It’s supposed to be a lapped zipper, but that was another mistake I made when putting in the lining, so I used a centered zipper and it looks fine enough.

Now on to some work shirts for A.

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Sometimes you feel like working with patterns and doing all the fitting and drafting, and sometimes you don’t.  Yesterday was a pattern/paper day so I altered this Simplicity pattern for M.  I used the pivot and slide method which sometimes works perfectly the first time, but not with this blouse.  I made up a muslin for M to try on, and I had to take off some width under the arms and add some width and length to the front bodice.  When that was done, I was ready to put some embroidery on it.  I used the Brother Card No. 67, design number 28.  This design is supposed to be made in several colors, but it also looks great in just one color.  It has a lot of interesting texture.

It certainly is the time of year to be making a sleeveless top since it is about 100 degrees outside today.  It is hard to remember that we were freezing in the rain a few weeks ago.  I am using a green Dvala sheet (100% cotton) for this.  M says that the other two blouses I made from the IKEA sheeting wash and dry very well and need little ironing, which is good to know.

Here’s one of the fronts with the embroidery finished.  I can’t iron this until I remove the marking in case the heat sets the ink.  Here’s a closeup of the embroidery:  This was the first attempt at using the machine’s positioning function, rotating the design around to fit the space.  There’s always something new to learn in sewing. In addition to working on this blouse, I’m cutting out some more workshirts for A in solid color cottons.

In the last week we made the long long drive down to LA and back twice.  My MIL wanted to visit an old friend, so we offered to drive her there and back.  While tiring, the drive does deliver an adventure or two, including a herd of sheep that somehow were wandering over the freeway (I-5) near Harris Ranch where cars were going about 80 miles per hour.  This resulted in a very bad day for one hapless driver who, thankfully, was not injured, but we can’t say the same for one of the sheep.  As we crawled by in the slowed-down traffic, the police were trying to round up the sheep and tend to the victims, animal and human.  I suppose it was a bad day for the rancher whose sheep escaped, too, since he will almost certainly be looking at a lawsuit soon.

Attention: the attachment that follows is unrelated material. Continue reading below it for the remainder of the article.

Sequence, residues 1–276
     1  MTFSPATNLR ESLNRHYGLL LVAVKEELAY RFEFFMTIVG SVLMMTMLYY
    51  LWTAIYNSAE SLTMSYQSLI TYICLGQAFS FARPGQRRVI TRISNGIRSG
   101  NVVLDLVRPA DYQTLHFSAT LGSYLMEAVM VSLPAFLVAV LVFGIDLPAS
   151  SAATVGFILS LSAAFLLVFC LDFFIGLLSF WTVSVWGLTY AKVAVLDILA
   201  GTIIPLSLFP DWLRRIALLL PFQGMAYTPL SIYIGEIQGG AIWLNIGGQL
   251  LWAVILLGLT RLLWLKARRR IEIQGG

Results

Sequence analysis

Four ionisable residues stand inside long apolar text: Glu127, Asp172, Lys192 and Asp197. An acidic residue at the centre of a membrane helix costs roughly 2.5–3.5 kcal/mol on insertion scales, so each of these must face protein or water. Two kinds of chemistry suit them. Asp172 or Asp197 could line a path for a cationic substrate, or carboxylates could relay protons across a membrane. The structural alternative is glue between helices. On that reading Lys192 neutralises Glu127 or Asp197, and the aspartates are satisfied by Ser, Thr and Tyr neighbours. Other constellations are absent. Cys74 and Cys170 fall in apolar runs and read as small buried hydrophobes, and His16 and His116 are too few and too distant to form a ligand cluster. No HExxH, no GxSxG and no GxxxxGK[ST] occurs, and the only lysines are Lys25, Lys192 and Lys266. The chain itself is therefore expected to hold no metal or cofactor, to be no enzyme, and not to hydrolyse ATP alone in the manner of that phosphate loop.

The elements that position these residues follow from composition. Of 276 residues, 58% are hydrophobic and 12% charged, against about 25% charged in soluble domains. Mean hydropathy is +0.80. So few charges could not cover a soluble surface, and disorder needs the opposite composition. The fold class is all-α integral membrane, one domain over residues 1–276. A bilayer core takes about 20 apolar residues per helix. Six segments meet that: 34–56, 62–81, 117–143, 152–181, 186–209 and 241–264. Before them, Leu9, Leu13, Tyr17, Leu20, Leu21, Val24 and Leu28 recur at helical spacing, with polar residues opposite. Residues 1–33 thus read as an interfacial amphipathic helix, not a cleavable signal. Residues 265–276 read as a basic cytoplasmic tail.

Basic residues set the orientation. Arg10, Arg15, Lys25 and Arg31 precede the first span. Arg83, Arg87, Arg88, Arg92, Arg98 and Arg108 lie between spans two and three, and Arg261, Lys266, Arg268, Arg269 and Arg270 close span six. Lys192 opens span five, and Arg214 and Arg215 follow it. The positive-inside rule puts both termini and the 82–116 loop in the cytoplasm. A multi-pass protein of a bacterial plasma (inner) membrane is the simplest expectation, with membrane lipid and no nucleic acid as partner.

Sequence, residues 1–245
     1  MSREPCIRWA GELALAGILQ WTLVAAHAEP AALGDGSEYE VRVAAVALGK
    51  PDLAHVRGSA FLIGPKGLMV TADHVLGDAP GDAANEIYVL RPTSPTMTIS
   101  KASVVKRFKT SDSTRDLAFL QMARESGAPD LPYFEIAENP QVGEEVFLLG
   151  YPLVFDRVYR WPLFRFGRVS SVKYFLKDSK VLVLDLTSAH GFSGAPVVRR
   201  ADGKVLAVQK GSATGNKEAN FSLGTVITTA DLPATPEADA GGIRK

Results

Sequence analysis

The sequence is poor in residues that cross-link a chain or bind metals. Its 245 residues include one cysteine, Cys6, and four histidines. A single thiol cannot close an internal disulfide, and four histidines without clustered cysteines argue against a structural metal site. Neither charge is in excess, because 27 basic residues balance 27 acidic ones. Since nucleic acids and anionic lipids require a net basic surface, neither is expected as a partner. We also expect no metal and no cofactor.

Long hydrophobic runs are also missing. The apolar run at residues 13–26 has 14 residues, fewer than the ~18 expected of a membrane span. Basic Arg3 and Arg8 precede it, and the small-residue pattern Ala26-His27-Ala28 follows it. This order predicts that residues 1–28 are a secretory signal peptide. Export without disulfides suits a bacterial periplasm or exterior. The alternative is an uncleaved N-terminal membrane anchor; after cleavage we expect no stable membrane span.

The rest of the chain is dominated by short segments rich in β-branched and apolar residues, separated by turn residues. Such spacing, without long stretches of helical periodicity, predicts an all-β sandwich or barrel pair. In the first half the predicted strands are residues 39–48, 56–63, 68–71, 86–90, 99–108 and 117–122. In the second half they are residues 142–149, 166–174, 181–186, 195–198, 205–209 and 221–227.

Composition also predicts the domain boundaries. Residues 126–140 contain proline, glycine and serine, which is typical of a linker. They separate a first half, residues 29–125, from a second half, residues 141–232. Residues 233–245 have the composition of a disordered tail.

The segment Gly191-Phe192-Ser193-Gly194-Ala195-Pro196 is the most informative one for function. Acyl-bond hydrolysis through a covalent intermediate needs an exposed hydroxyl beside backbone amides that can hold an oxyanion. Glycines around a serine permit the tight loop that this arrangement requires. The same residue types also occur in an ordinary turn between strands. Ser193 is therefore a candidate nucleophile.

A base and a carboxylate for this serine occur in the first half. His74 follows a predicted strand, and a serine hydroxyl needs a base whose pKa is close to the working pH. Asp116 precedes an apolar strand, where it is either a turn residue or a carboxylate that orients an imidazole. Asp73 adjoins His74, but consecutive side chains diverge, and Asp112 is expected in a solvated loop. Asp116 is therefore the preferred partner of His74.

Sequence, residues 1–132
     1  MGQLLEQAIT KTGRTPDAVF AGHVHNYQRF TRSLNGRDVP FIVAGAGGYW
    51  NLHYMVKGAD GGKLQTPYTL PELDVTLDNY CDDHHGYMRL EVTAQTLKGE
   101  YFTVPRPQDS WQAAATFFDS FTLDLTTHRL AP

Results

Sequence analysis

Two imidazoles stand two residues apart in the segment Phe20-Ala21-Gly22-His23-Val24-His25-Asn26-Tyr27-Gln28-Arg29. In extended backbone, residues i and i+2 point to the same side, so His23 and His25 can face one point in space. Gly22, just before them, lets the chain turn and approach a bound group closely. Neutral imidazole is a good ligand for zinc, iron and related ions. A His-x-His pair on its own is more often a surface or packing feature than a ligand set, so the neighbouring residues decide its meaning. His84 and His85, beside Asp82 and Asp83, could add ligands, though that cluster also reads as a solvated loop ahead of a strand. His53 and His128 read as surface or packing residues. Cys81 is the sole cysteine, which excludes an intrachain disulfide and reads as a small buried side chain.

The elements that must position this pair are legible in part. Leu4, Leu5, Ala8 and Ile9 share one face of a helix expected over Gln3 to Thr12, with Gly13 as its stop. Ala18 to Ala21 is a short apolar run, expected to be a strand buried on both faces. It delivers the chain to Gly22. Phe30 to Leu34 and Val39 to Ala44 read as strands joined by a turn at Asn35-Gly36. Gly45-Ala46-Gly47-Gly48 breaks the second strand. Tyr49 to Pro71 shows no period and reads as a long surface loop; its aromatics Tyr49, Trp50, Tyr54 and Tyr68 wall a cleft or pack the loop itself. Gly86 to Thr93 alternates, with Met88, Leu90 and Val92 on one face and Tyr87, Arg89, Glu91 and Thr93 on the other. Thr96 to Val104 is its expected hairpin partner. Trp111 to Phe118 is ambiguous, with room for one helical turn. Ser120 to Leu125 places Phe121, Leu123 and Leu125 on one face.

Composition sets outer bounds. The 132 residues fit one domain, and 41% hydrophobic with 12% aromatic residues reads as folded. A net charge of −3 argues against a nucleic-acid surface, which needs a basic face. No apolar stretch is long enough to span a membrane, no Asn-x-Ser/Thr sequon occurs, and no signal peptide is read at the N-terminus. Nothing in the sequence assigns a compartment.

When I am not avoiding random sheep, I like to look at the crops all down the central valley, and it seems that almonds have proliferated to an amazing degree.  It also seems like pomegranate groves are spreading everywhere, something I haven’t seem before.

I think the garden waits until we are gone to grow because the plants always seem to be about 1/3 bigger when we get back, even though we were only gone about 18 hours for each trip.  I may pick the first cucumber today.

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Every time I set the sleeves into this blouse (New Look 6027), I am impressed with how well drafted they are and how easy they are to sew.  Flutter sleeves are comfortable in the hot weather though they can be a little tricky to hem neatly.  This blouse has nice shaping to it with a back seam instead of a foldline, and good shaping on the side seams so that even though it is a loose peasant-type blouse, it flatters the figure.The pattern calls for bias binding around the neckline, and I thought it needed a little color to tie it into the embroidery, so I sewed a line of chainstitch at the seamline.  The embroidery design was purchased from Oregon PatchWorks and is called Elegant Florals 4 by the designer Sweet Heirloom Embroidery.

I have been thinking about making a white top with all black embroidery, or maybe mostly black embroidery with accents of turquoise.  This could be because I just got my big cones of black thread in the mail this week and want to use some of it.